We’re pleased to announce the release of Part 1 of the Workshop DVD Handling, Moving and Restraining Dogs in Stressful Environments. This DVD will teach you how to confidently handle large and medium dogs, even dogs who are hyperactive, fearful or reactive.
Whether you are in the U.S., Indonesia, Australia or China, one thing is true about the dogs; they love to chase things passing by their property. Mailmen, cyclists, runners pedestrians and even cars, a dog could be lying seemingly in deep sleep and in a blink he’s on red alert. He flies out barking at full speed and after the person or object disappears in the distance, the dog returns triumphantly—and chalks up another win. It’s a success that fuels the motivation to repeat the behavior again.
As one might expect, if these dogs can leave their property, then this territorial behavior becomes particularly bothersome to passersby. In fact in regions where dogs are regularly able to roam, such as on the Island of Bali or the streets of Fiji, or an Aboriginal town camp, the behavior has lead to conflict within the community. Dogs bark at and chase people, people get scared, and they often respond by carrying sticks or throwing rocks, which leads to increased aggression from the dogs.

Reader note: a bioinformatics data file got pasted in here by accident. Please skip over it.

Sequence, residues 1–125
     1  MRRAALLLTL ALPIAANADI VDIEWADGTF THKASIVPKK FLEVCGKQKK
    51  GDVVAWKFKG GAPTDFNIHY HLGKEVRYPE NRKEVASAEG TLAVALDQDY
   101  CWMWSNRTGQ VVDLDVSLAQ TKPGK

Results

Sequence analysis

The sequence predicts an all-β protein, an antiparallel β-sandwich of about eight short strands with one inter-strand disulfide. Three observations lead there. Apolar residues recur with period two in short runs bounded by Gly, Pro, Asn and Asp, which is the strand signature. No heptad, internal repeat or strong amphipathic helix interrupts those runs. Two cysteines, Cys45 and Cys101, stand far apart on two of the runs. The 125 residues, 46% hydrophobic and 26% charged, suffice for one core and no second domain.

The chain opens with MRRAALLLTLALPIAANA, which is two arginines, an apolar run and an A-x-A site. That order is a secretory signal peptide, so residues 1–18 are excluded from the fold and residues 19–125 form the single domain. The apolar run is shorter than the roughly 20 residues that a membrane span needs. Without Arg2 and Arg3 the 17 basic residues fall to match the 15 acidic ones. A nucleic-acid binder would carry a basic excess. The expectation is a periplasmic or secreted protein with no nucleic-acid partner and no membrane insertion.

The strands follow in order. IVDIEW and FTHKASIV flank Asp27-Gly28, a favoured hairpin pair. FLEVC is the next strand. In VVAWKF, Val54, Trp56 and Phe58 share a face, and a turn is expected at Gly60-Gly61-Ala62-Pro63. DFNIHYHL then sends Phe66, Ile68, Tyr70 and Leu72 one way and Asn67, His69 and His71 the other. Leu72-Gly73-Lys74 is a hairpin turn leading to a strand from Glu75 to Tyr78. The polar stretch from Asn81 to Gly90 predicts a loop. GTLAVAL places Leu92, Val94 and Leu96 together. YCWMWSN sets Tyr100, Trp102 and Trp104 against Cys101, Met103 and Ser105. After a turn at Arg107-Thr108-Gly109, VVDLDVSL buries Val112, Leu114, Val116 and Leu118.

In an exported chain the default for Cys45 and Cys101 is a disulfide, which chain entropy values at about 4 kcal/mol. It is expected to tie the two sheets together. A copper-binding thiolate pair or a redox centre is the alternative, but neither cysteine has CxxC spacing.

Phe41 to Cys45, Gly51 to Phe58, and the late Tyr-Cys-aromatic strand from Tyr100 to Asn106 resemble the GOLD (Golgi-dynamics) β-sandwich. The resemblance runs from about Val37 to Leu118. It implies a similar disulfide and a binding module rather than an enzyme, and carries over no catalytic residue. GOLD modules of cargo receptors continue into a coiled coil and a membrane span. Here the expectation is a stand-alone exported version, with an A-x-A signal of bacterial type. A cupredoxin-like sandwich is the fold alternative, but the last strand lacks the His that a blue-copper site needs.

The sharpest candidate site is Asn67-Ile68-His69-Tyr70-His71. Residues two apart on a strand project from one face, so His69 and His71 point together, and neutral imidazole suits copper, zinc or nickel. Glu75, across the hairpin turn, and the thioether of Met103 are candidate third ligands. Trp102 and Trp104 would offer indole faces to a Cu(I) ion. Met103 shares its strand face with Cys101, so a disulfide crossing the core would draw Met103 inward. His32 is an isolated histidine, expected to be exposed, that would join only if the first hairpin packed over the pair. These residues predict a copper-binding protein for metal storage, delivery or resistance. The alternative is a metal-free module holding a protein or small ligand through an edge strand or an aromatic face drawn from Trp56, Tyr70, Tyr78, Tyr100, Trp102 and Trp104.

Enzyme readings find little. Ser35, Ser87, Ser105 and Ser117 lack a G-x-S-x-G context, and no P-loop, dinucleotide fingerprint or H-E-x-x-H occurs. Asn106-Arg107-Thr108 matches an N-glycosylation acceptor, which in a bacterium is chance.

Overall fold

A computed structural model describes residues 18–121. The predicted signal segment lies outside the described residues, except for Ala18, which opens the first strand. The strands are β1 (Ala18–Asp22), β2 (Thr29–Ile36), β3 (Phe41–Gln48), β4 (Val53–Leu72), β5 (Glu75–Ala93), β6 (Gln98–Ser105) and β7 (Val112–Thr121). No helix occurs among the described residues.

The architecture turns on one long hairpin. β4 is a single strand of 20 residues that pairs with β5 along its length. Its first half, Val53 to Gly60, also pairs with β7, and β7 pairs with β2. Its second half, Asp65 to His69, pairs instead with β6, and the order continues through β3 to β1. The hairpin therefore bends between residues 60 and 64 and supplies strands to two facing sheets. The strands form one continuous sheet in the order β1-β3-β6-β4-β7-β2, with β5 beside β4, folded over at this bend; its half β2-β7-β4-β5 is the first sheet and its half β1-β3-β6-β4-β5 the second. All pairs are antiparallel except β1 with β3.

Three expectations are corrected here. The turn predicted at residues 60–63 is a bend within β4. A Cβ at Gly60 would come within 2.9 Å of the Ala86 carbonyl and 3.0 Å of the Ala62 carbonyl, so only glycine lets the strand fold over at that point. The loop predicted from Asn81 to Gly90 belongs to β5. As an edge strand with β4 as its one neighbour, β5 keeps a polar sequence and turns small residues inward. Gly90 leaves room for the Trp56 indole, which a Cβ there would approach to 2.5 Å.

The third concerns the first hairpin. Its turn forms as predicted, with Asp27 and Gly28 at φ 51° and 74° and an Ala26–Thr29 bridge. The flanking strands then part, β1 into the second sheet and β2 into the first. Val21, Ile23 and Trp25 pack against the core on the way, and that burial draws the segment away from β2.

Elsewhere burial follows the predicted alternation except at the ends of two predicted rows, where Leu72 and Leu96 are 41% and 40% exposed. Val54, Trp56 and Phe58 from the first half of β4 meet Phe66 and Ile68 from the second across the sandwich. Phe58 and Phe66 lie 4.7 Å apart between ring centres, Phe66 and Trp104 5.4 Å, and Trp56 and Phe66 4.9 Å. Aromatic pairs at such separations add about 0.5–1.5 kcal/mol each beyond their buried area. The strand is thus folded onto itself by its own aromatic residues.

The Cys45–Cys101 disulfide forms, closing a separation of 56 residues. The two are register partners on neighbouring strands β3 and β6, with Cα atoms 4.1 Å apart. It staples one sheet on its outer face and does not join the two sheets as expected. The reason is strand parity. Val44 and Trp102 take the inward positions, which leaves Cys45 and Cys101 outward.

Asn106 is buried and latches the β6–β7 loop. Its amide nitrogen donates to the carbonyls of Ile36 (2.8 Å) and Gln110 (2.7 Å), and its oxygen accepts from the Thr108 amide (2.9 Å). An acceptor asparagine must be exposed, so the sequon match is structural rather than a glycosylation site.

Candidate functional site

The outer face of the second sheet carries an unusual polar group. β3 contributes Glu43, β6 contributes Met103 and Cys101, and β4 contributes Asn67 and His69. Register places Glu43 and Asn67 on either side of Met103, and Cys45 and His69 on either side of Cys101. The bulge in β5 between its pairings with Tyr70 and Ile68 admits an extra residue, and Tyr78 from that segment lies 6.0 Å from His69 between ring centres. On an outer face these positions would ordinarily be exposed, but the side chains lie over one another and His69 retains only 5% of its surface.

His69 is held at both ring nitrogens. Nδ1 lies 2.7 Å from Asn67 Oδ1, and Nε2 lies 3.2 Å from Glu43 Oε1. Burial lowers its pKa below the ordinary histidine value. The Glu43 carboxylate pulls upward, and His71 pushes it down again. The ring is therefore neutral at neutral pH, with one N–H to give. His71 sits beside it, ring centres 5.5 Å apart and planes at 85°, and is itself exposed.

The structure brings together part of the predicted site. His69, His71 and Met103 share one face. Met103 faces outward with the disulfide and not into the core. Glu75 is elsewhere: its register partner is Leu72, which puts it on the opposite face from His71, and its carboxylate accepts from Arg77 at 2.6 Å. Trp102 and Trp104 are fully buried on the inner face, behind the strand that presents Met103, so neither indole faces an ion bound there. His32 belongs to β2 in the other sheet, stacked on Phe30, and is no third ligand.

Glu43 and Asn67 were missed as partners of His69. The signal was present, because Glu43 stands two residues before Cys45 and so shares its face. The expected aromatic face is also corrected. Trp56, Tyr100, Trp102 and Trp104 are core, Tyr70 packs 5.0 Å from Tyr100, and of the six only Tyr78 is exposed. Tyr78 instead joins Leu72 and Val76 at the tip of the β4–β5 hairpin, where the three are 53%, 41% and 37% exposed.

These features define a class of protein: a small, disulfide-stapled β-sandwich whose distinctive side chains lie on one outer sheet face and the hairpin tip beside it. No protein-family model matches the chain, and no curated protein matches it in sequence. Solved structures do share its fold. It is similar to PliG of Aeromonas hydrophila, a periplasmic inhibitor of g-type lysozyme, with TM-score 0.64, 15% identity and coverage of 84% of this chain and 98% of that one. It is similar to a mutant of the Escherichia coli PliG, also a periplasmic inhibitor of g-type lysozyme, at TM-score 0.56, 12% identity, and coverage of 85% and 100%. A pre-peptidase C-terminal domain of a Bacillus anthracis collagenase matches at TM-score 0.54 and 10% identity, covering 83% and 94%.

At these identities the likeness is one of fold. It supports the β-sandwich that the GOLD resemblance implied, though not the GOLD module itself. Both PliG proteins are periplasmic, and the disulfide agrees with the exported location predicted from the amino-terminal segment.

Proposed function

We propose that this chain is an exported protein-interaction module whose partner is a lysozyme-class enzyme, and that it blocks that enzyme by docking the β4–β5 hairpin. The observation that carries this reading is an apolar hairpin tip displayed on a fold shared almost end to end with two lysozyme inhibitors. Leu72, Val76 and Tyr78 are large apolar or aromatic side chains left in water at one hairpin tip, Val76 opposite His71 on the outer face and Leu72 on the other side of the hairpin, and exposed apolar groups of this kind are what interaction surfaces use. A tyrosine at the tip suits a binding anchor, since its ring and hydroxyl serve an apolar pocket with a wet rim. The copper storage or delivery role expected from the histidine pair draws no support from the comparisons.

Most dog owners dream of having a well-behaved dog—one that greets guests politely, walks down the street calmly and will come when called. We all know that dog training is a process that takes time and persistence, but often we become overwhelmed with the demands of our hectic schedules and the needs of our dogs. How can dog owners balance these conflicting interests, perhaps in addition to their own inexperience, and still develop a well-socialized, well-trained and well-behaved dog? One program, Bark Tutor School for Dogs in Indianapolis, offers an innovative way for dog owners to do just that. I had the opportunity to talk with Brad Phifer, CBCC-KA, CPDT-KA, the trainer who developed this exciting program.